American College of Physicians Calls for Series of Reforms, Including Single Payer or Public Option

Jan. 22, 2020
ACP also critiques value-based payment’s fragmented approach, saying it layers dozens of reporting programs and reform models, each with its own flawed and misaligned metrics, on top of a fee-for-service foundation

In a series of policy papers published as a supplement in Annals of Internal Medicine, the American College of Physicians (ACP) has called for several reforms to the U.S. healthcare system, including transitioning to a single-payer financing system or a publicly financed coverage option with regulated private insurance.

The ACP’s 141,000 U.S. members are internal medicine specialists. The organization is the second-largest physician group in the country after the American Medical Association, which has opposed broadening public financing of healthcare insurance. The ACP’s set of interlocking policy proposals for what ails the U.S. healthcare system includes a call to action that challenges the country not to settle for the status quo, but to implement systematic reforms.

In a statement explaining the policy proposals,  ACP President Robert M. McLean, M.D., said, “ACP set out to develop this new vision for health care by asking, ‘What would a better healthcare system for all Americans look like?’ We believe that American healthcare costs too much; leaves too many behind without affordable coverage; creates incentives that are misaligned with patients’ interests; undervalues primary care and underinvests in public health; spends too much on administration at the expense of patient care; and fosters barriers to care for and discrimination against vulnerable individuals.”

The ACP asserts that under a single-payer or public-option model, cost-sharing should be eliminated and payments to physicians and other health professionals, hospitals, and others delivering healthcare services must be sufficient to ensure access and not perpetuate existing inequities including the undervaluation of primary and cognitive care. 

The ACP proposal coincides with the publication of an open letter published in the New York Times and signed by more than 2,000 physicians “prescribing” Medicare for All, an effort organized by advocates separately from the ACP.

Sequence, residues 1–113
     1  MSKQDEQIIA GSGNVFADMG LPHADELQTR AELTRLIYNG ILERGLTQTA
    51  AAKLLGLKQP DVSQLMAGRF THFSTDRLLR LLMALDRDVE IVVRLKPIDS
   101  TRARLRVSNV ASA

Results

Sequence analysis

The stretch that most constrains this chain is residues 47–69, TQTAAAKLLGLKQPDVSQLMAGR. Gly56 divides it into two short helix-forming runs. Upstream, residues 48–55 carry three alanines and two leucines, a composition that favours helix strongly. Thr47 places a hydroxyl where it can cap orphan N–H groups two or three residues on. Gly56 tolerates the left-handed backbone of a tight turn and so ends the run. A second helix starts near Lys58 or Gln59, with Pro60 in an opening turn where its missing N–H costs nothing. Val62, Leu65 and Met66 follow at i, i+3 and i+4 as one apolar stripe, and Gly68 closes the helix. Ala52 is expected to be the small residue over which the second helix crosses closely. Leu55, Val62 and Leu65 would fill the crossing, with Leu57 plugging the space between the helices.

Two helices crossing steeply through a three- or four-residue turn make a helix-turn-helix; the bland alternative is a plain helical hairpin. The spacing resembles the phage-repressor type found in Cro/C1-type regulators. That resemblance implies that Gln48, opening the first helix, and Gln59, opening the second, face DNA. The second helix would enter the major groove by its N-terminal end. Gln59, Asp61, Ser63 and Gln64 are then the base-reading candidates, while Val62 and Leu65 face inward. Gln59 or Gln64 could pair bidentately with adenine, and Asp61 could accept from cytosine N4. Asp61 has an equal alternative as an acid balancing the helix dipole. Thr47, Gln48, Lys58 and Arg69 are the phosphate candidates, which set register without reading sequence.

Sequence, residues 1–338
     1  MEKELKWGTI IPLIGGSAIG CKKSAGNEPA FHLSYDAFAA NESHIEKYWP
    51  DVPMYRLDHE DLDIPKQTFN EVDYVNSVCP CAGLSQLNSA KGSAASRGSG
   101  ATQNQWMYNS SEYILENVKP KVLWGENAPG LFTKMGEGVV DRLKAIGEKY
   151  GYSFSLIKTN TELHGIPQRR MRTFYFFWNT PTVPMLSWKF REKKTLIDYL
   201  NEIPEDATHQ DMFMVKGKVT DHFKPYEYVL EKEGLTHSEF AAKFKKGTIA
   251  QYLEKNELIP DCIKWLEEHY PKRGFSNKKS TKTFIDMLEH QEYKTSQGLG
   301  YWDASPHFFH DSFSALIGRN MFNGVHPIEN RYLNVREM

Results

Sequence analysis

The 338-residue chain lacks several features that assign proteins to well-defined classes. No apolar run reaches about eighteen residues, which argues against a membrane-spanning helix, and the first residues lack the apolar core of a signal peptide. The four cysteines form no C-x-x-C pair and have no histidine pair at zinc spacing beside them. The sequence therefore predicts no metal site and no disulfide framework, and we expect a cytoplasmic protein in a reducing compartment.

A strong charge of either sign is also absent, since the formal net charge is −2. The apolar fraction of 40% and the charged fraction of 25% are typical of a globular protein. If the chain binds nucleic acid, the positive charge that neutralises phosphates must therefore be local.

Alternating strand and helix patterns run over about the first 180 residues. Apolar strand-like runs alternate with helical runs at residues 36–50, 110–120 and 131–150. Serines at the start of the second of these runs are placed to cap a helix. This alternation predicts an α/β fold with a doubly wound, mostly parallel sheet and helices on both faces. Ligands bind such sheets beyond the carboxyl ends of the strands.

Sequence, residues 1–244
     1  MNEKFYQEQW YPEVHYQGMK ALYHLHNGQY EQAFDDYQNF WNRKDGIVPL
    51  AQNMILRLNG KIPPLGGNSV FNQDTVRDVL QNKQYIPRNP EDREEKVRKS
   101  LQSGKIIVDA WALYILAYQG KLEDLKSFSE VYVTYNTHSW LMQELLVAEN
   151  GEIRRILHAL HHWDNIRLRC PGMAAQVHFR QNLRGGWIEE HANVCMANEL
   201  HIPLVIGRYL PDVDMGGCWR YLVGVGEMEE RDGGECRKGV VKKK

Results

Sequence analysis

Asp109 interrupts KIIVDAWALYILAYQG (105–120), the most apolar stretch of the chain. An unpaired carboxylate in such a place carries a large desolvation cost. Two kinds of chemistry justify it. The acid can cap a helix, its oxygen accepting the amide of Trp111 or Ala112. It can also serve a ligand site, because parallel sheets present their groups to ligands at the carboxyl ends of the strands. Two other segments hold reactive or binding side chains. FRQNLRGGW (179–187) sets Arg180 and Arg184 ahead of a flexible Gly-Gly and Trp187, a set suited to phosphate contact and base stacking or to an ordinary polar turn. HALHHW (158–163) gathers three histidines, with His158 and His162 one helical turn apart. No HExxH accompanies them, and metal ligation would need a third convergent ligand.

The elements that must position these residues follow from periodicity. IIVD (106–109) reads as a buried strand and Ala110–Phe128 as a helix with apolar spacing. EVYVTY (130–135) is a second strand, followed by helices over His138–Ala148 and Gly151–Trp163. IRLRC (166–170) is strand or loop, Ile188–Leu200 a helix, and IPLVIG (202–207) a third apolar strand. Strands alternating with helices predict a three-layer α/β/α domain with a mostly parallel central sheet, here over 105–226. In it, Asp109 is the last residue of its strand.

Along with the ACP’s position paper, the Annals of Internal Medicine published an editorial by Drs. Steffie Woolhandler and David Himmelstein, co-founders of Physicians for a National Health Plan, who noted that organized medicine had opposed national health insurance for a century and called the ACP’s new position “a sea change for the medical profession.”

The ACP also calls for ending discrimination and disparities in access and care based on personal characteristics, correcting workforce shortages including the under-supply of primary care physicians, and understanding and ameliorating social determinants of health.

The ACP also has suggestions related to health IT and value-based payment (VBP). Although it supports the goal of payments aligned to promote high-value, patient- and family-centered care, it notes that “VBP as currently implemented has mostly failed to achieve better outcomes at lower cost to patients. This is largely because transformation to VBP has taken a fragmented approach by layering dozens of reporting programs and VBP reform models, each with their own flawed and misaligned metrics, on top of a fee-for-service foundation that often is at odds with goals to reward quality and efficiency.”

The ACP argues that a more fundamental restructuring of payment policies and delivery systems is required to achieve its vision of a healthcare system where payment and delivery systems put the interests of patients first and supports physicians and their care teams to deliver high-value, patient-centered care. “Payment reform must be accompanied by healthcare delivery redesigned around patients' needs and supported by health information technology (IT) systems that enhance the patient–physician relationship, facilitate communication across the care continuum, and support improvements in patient care.”